Swiss-based international Nestlé has taken advantage of this open policy to set up a pet food plant in one of these parks. This factory now has nearly 15 per cent of the Russian market share.
Why is doing business together so important? Russia is huge and developing fast; for Gerber, "as soon as the economic crisis has bottomed out", it will be a major market for Switzerland.
The Swiss businessmen had mainly come to Russia to look for partners to help in the distribution of their products.
Francis Liebens of Solo Swiss, whose business is furnaces, summed up the major problems as bureaucracy and customs formalities. "In my opinion the only way to overcome them is to find a Russian partner who could help us to develop in this market," he told swissinfo.ch
Vadim Osipov, who heads the family laminate business Slotex in St Petersburg, and who switches easily between Russian, German and English, gave swissinfo.ch a Russian perspective.
"I think you only get breakthrough innovations when you get people working together who are the best in the world, each in their own area."
Small Swiss companies could very well cooperate with Slotex. "They specialise in the latest scientific developments, and in getting them to market. That's something we are interested in," he said.
The government of Kaluga has already seen that foreign investment creates jobs and brings in tax revenue. But governor Anatoly Artamanov has a wider vision. He told the delegation that in today's "dangerous world" the best defence is the interpenetration of capital, so that each defends the other's interests.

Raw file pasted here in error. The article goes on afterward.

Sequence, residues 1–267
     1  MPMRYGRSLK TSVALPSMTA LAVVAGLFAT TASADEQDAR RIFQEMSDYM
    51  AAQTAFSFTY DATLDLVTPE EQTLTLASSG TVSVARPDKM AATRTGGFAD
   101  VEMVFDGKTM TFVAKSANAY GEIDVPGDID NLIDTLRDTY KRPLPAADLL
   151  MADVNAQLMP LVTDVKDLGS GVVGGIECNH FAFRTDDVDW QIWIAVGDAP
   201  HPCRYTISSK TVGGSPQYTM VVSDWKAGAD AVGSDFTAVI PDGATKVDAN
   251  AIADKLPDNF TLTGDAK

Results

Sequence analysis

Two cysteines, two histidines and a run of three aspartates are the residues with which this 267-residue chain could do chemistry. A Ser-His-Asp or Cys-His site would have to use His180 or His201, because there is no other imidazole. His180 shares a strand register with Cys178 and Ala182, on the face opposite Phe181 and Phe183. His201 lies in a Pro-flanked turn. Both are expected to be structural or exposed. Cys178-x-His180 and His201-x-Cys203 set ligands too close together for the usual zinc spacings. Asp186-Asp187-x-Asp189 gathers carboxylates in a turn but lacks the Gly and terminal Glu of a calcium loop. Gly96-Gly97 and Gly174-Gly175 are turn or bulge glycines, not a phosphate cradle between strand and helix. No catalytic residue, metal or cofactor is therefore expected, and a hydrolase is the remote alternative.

Switzerland's ambassador in Moscow, Walter Gyger, had no doubt why the businessmen should be there.
"You must be in Russia now, to be able to use the chances that will come in the future," he told them.
Julia Slater, in Moscow, swissinfo.ch
In 2008 Swiss exports to Russia were worth SFr3.18 billion ($2.92)
Imports from Russia were worth SFr1.05 billion.
Switzerland's main exports to Russia are:
Russia's main exports to Switzerland are:
Swiss Russian relations
Russian President Dmitri Medvedev is scheduled to visit Switzerland in September.
Swiss and Russian ministers meet frequently. Here is a selected list since the beginning of 2007.
Economics Minister Doris Leuthard met her Russian counterpart, German Gref, in Davos in 2007, and Deputy Prime Minister Aleksandr Zhukov in Zurich in 2008. She led a delegation to Moscow, Yekaterinburg and St Petersburg later that year.
Foreign Minister Micheline Calmy-Rey met her Russian counterpart, Sergey Lavrov, in Moscow in 2007 and paid a courtesy visit to then President (now Prime Minister) Vladimir Putin. She met Lavrov again twice in 2008.
The then Sports Minister Samuel Schmid met First Deputy Prime Minister Sergey Ivanov and Sports Minister Vyacheslav Fetisov in 2007.
Interior Minister Pascal Couchepin, in his capacity as Swiss president, met Medvedev in 2008.
Justice Minister Eveline Widmer-Schlumpf met her Russian counterpart, Alexandr Konovalov in 2009.